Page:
Identification of virus integration sites.

The genomes of viruses with expression levels detected in the previous steps were concatenated into a single genome, named chrVirus, with related annotation of each virus in refFlat format. A new hybrid reference genome, named hg19Virus, was built by combining hg19 and chrVirus. All PE reads without computational subtraction were again mapped to this reference (hg19Virus). If the PE reads were uniquely mapped with one end to hg19 and the other to chrVirus, the read pair was reported as a discordant read pair. All discordant reads were annotated by using the genes and viruses defined in the curated refFlat file. Our algorithm subsequently employed BLAT (27) to align the discordant reads against the hybrid reference genome (hg19Virus) and discards any discordant read pair if both discordant reads are aligned to the same gene or virus. It then clustered the remaining discordant read pairs that support the same integration (fusion) event (e.g., HBV-MLL4) and selected them as fusion candidates. A dynamic clustering procedure was implemented to accurately determine the exact fusion junction between a human gene and a virus. Specifically, the boundary for each discordant read cluster of a candidate fusion was estimated on the basis of discordant read mapping locations and orientations with fragment length distribution as a constraint of cluster size, which was measured by using the reads' genomic locations, excluding intronic sizes if mapped reads were located across adjacent exons in a candidate fusion. For the forward-aligned discordant reads in a fusion candidate, the clustering process started with the right-most read, and the genomic coordinate for the right-most read was used to define the in silico fusion junction, excluding outliers within the discordant read cluster. In order to remove outliers within a cluster, our algorithm implemented the robust “extreme studentized deviate” multiple-outlier procedure. If the outliers came from the right end of the cluster, the outliers were removed and the clustering process restarts with a new in silico fusion junction. If the outliers come from the left-most end of the cluster, the cluster size was reset with the in silico fusion junction intact by excluding the outlier reads. For the reverse-aligned discordant reads, the clustering process started with the left-most read, and the genomic coordinate for the left-most read was used to define the in silico fusion junction with the same outlier detection/removal processing step. For either side of the candidate fusion partner (gene or virus), this clustering process was performed independently. This dynamic clustering procedure accurately determined the exact fusion junction between a human gene and a virus. Meanwhile, an in silico sequence was generated using the consensus of reads within discordant read clusters for each fusion candidate to help the PCR primer design, which facilitates quick PCR validation.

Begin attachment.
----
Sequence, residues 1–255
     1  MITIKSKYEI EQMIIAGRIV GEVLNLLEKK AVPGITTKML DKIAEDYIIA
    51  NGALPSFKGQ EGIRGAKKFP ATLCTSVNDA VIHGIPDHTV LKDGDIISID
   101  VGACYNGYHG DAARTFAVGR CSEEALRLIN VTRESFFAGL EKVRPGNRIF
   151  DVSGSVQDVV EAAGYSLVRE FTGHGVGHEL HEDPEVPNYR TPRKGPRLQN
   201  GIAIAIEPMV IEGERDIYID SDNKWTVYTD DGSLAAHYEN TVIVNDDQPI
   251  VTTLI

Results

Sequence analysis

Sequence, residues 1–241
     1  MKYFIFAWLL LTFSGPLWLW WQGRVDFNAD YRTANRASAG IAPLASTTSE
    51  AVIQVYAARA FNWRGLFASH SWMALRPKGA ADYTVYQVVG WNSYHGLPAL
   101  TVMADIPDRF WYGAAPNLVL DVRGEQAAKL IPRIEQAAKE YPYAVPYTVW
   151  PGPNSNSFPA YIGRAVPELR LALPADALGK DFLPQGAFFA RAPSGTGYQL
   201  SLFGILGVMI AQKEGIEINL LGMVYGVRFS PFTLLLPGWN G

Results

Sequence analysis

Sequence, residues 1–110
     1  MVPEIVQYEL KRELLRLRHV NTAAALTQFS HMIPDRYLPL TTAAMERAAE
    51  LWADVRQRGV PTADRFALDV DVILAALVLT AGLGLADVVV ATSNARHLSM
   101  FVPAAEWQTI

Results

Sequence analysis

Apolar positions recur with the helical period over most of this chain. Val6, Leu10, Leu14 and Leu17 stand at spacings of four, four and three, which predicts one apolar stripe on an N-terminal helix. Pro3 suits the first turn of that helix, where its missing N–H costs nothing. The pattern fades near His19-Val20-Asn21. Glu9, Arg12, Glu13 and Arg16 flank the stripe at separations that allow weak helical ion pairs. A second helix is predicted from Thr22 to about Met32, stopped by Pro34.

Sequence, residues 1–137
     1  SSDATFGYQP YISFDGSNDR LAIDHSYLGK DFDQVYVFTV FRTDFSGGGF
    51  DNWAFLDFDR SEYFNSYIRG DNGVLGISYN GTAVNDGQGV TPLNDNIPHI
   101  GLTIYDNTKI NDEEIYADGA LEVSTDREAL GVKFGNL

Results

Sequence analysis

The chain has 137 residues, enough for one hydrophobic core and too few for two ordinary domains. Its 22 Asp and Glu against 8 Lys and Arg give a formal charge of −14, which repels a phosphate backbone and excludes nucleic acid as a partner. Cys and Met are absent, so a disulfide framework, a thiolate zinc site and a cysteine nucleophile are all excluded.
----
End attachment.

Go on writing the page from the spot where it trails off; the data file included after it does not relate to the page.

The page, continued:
RNA sequencing data from 3,775 malignant neoplasms in the TCGA database were interrogated for the presence and, as applicable, integration of site of viral transcripts. The overall median read number per sample was 132,183,938 (Table 1). None of the virus-positive cancers in this analysis harbored more than one type/strain of virus.
Table 1
Table 1 Neoplasms in The Cancer Genome Atlas Database surveyed for tumor-associated DNA viruses
Tumor typeNo. of samples analyzedNo. of reads per sampleFreeze date (mo/day/yr)